June 08, 2019
Minister of Tourism and Aviation, the Hon. Dionisio D’Aguilar said Thursday that the unprecedented increase in foreign visitors in 2018 led to at least $350 million of additional spending into the Bahamian economy over 2017.
Minister D’Aguilar said this was a “conservative estimate.” The Tourism and Aviation Minister said the spin-off benefits have left no doubt that there is more and more money circulating in the economy as a result of the “unprecedented increase in foreign visitors.”
“Mr. Speaker, that is good news for the Bahamian people. Very good news indeed!
Delivering his contribution to the 2019/2020 Budget Debate, Minister D’Aguilar said: “the incredible numbers mean more employment opportunities and more money in their pockets at the end of the week for the average Bahamian.”
“With more and more foreign visitors coming to The Bahamas, each and every week, I have been approached by taxi drivers telling me to keep up the good work because they are busier than before, hotel workers are getting more in gratuities, restaurant workers are making more in tips, beach vendors, straw vendors -- there is no doubt, Mr. Speaker, that there is more and more money circulating in the economy.”
Minister D’Aguilar told House Members that just over 10,000 new jobs have been created for Bahamians during the first 18 months of the Minnis Administration, due in part to the robustness of the country’s tourism sector.
“I am not in the least surprised, given the robustness of our Tourism sector,” Minister D’Aguilar said. “In short, Mr. Speaker, spending is up and employment is up. We are doing what the Bahamian people sent us here to do!”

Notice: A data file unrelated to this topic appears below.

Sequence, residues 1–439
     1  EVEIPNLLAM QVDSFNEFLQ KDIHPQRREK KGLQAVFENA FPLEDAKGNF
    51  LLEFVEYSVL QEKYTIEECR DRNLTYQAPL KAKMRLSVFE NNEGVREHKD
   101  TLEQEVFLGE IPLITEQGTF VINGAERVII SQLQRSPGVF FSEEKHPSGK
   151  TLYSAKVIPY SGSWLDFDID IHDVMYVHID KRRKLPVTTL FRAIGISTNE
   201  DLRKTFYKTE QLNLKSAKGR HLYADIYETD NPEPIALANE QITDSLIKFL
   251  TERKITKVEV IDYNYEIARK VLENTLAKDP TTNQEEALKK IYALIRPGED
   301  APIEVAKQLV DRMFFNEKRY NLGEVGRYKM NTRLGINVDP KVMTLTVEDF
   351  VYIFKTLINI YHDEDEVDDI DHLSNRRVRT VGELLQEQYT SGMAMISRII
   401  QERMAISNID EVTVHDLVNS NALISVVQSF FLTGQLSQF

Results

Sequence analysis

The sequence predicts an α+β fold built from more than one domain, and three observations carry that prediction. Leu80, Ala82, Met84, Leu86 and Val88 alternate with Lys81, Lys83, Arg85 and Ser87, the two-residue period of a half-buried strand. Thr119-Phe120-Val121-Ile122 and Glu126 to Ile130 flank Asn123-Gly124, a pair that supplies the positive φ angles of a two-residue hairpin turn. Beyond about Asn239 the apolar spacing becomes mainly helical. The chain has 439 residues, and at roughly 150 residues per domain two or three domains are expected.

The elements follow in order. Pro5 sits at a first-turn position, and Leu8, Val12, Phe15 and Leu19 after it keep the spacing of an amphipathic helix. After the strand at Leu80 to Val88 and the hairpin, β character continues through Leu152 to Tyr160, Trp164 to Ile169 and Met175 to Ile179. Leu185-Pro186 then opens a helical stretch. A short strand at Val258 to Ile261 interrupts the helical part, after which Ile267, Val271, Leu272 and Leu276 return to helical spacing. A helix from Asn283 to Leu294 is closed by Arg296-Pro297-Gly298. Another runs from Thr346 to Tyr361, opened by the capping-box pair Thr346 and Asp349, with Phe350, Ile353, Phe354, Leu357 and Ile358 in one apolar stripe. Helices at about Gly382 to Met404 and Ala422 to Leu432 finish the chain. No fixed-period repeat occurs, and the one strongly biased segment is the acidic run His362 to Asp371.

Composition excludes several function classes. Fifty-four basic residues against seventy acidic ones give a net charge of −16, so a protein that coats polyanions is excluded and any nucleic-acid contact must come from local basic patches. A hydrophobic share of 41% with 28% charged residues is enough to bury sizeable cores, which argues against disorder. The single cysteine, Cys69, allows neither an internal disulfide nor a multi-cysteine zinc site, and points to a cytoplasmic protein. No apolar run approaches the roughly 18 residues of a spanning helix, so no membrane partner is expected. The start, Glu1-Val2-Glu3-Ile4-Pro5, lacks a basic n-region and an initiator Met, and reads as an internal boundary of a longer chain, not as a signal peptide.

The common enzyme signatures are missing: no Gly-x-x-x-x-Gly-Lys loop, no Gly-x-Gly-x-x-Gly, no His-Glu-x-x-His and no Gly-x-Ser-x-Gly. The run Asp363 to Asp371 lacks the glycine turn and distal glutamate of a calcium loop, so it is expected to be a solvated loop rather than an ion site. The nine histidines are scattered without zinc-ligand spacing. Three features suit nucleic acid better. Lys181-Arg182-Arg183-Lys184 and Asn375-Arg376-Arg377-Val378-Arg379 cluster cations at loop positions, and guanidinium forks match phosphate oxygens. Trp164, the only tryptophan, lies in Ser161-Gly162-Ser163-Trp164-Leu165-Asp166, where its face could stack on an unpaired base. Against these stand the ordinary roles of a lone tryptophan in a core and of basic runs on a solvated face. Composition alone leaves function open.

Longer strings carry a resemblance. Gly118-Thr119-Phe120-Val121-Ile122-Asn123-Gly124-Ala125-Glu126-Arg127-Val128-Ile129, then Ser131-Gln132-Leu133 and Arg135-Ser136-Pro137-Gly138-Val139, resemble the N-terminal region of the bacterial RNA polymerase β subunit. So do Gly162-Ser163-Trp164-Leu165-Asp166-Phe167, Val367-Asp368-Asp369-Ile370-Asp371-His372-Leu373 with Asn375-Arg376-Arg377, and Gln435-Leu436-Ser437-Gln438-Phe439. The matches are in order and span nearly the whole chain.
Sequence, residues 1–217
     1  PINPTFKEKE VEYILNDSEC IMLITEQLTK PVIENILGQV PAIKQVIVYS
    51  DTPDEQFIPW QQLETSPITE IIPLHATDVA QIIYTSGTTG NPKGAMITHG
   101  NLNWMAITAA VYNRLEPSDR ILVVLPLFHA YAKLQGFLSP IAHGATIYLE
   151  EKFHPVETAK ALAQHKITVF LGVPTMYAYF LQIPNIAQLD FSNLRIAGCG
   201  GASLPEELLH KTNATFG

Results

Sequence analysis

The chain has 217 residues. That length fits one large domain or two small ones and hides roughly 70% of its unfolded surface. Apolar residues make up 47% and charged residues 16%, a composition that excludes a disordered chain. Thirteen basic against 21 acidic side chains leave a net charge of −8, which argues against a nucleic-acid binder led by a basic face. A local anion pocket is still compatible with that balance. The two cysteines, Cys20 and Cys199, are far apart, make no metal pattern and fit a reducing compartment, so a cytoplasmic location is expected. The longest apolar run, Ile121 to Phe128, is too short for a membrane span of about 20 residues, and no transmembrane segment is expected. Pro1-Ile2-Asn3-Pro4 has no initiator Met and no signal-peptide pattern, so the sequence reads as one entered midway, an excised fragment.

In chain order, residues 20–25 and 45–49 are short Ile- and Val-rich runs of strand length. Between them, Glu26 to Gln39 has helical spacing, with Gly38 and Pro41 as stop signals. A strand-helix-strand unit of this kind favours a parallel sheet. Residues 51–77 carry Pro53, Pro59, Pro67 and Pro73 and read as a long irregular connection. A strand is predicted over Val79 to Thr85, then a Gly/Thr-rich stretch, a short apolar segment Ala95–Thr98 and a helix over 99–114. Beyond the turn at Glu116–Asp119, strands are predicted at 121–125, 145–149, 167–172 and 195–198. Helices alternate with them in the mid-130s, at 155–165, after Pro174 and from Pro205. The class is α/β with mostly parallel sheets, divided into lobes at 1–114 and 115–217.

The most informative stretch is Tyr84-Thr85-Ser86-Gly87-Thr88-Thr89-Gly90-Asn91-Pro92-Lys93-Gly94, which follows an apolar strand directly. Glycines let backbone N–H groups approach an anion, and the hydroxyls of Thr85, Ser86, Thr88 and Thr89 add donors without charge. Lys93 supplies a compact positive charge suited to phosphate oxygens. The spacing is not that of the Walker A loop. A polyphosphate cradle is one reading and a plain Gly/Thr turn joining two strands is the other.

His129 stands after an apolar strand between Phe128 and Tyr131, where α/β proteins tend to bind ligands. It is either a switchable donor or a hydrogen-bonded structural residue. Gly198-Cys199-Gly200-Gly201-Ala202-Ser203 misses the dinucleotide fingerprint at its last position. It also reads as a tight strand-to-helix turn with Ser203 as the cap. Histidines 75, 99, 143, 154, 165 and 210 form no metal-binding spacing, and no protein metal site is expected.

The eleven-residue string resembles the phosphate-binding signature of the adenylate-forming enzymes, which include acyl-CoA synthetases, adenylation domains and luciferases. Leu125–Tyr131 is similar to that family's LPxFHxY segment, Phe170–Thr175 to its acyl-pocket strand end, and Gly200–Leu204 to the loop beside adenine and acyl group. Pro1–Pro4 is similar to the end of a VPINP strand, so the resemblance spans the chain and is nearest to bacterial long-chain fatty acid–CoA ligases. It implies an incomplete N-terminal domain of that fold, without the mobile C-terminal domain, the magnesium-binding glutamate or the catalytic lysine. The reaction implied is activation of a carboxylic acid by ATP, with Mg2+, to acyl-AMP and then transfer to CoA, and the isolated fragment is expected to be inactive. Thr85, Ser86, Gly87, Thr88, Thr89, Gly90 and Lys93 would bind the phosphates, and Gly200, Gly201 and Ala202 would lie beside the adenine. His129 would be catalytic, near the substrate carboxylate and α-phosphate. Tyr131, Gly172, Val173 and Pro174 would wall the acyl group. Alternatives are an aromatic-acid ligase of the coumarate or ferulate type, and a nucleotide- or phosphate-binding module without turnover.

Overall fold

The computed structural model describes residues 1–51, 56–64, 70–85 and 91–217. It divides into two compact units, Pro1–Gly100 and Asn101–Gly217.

Mr. D’Aguilar said when the Minnis administration took office in May 2017, there were 200,155 employed individuals in The Bahamas. Mr. D’Aguilar said at the last Labour Force Survey completed in November 2018, there were 210,560 employed individuals in The Bahamas.
Minister D’Aguilar sent a word of caution with regards to what he called: “the rumblings of industrial action coming from the hotel sector.”
“I implore both sides to negotiate in good faith. I implore both sides not to rush to judge or make any drastic moves that put our number one industry; the engine of our economy; the contributor of over 50 percent of our GDP; the largest employers of Bahamians outside of the government; the source of income for many, many Bahamians who do not work in hotels such as taxi drivers, straw vendors, beach vendors, excursion operators -- talk to one another, tone down this strong rhetoric, act responsibly because our entire country is relying on both sides to get this right!
“I hear a lot of harsh words but I am dismayed that there has been little or no negotiations. That is not good! Negotiations must be exhausted before we even start talking about the nuclear options! I will say no more on this other than I am available to both sides to help where I can to bring this to an amicable compromise.”
By Matt Maura